Hundreds gather to honor Megan Lodge, Vail Valley teen in candlelight vigil |

Hundreds gather to honor Megan Lodge, Vail Valley teen in candlelight vigil

Lydia Loupe, left, presented a poignant and soaring tribute to her friend Megan Lodge during a candlelight vigil Friday evening. Lodge died Wednesday evening in a single-vehicle accident.
Randy Wyrick |

EAGLE — Hundreds gathered in Friday’s frigid cold to embrace the memory of Megan Lodge and embrace each other — to cry, to laugh a little — and to do it together.

Lodge was 17 years old when she died Wednesday evening in a single-car crash.

She was a master of oratory and the written word — a national qualifier in speech and debate — so when some in the crowd asked the ultimate rhetorical question — “Why?” — she might have told them there is no answer. There are physics, but physics answers “What?” not “Why?”

“Why?” is not a science question, at least not in this.

Lydia Loupe and Megan Lodge loved a lifetime during their friendship. Loupe’s speech was soaring and heroic, as you knew it would be from the three-time national speech qualifier. Yet, Loupe said it wasn’t enough.

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“She deserves more than words on paper, but that’s the best we can do,” Loupe said, and then warmed the crowd standing in the snow with poignant and insightful memories.

“It’s our responsibility to stand up … take responsibility … ask all the questions you have … there is not enough time to not do those things,” Loupe said.

‘Be Real’

Kristen, Megan’s younger sister, shared with the crowd the things sisters share with each other.

Barb, Megan and Kristen’s mother, bravely took the microphone and thanked everyone for their support. Their loss has been “extreme,” she said, and then she could say no more.

It was enough.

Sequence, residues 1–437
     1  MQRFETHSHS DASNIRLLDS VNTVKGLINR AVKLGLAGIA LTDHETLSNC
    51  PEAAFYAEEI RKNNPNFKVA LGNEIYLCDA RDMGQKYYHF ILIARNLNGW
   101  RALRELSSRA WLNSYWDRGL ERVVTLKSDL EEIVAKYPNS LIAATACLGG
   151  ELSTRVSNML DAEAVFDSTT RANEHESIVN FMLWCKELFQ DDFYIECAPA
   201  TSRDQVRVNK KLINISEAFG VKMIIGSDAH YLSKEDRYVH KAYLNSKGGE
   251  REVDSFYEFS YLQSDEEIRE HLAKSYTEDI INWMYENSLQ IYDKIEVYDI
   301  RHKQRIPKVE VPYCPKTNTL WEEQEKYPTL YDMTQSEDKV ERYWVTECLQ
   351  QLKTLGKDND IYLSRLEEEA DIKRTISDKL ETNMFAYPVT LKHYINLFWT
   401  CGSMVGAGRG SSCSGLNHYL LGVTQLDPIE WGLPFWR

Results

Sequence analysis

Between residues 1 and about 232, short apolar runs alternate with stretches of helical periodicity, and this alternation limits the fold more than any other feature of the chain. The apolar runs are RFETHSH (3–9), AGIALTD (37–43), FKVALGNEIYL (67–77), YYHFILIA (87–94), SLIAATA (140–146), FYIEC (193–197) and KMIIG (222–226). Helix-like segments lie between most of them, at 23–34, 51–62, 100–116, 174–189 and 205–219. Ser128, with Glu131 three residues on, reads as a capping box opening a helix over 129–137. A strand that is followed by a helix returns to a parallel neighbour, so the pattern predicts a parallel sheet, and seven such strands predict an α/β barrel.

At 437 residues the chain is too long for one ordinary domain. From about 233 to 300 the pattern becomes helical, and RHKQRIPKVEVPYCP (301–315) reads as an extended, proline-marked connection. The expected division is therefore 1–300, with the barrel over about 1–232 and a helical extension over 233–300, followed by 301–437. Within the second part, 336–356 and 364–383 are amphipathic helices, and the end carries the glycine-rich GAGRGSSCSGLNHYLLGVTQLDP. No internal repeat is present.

Kathleen Uhnavy, Megan’s Eagle Valley High School speech team coach, spends countless hours with her team. They turned inward this week, toward each other, as people will who truly care about each other.

Words matter to people who use them well, as these speech team members do, and “authentic” was the word to which they kept circling back, Uhnavy said. Megan Lodge was authentic and original and consistently encouraged others to be the same, usually with the mantra and admonition, “Be real.”

One of her great gifts was her ability to love and be loved, Uhnavy said.

“She didn’t just tell you she loved you, she showed you,” Uhnavy said.

‘Live, please live’

Everyone often acts like we have all the time in the world. But in Megan’s grieving family and every family, time is short. It has been said that no life is long enough.

Offers of support have poured into the Lodge family, most asking, “Is there anything we can do?”

“Live,” came the reply. “Live each day like the cliches say you should, like it’s your last day. One day you’ll be right.”

Finally, the hundreds who stood in the frigid cold to honor their young friend lit their candles, their only source of heat but not their only source of light. They have this life, the love they share and each other.

Loupe exhorted the crowd not to simply exist, but to live.

Please, young people, live.

Staff Writer Randy Wyrick can be reached at 970-748-2935 and rwyrick@vail

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